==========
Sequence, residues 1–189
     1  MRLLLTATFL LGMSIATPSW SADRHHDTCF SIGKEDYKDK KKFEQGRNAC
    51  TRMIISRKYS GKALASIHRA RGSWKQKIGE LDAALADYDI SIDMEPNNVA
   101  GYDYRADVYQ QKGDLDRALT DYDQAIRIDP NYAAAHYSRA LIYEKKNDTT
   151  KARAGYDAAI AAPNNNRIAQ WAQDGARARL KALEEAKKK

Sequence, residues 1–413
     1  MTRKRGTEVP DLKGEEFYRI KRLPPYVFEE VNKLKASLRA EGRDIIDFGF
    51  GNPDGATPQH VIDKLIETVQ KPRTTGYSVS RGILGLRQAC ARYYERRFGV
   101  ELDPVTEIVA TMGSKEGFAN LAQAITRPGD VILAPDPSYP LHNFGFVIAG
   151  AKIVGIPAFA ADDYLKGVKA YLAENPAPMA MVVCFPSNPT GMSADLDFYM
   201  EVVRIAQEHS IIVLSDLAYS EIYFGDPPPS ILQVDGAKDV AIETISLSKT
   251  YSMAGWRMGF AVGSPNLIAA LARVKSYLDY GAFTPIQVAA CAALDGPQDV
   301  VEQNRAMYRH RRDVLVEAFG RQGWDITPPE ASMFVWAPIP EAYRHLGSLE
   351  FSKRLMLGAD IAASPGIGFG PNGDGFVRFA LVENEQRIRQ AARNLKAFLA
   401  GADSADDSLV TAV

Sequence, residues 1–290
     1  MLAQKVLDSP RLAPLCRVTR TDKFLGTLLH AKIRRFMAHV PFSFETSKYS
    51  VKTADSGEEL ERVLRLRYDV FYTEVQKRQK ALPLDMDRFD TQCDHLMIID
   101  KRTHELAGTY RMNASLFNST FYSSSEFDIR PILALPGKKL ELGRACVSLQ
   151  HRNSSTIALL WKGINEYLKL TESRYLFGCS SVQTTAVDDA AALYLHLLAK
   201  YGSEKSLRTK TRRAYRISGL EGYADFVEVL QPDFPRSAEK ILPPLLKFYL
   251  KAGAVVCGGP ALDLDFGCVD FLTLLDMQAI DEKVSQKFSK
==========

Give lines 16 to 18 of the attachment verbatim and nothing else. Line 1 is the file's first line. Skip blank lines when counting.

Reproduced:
Sequence, residues 1–290
     1  MLAQKVLDSP RLAPLCRVTR TDKFLGTLLH AKIRRFMAHV PFSFETSKYS
    51  VKTADSGEEL ERVLRLRYDV FYTEVQKRQK ALPLDMDRFD TQCDHLMIID